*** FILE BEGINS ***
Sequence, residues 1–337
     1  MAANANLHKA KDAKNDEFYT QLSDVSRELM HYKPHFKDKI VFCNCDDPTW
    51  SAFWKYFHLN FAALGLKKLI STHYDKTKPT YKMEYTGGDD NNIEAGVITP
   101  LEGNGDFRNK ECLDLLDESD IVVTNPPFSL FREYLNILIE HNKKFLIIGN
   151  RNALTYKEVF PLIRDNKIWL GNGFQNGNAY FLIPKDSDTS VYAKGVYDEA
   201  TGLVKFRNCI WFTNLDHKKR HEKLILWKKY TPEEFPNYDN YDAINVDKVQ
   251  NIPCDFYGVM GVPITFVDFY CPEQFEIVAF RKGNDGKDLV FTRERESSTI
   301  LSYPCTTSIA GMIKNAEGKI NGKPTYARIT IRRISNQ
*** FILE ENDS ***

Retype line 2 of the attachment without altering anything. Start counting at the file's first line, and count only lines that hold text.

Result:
     1  MAANANLHKA KDAKNDEFYT QLSDVSRELM HYKPHFKDKI VFCNCDDPTW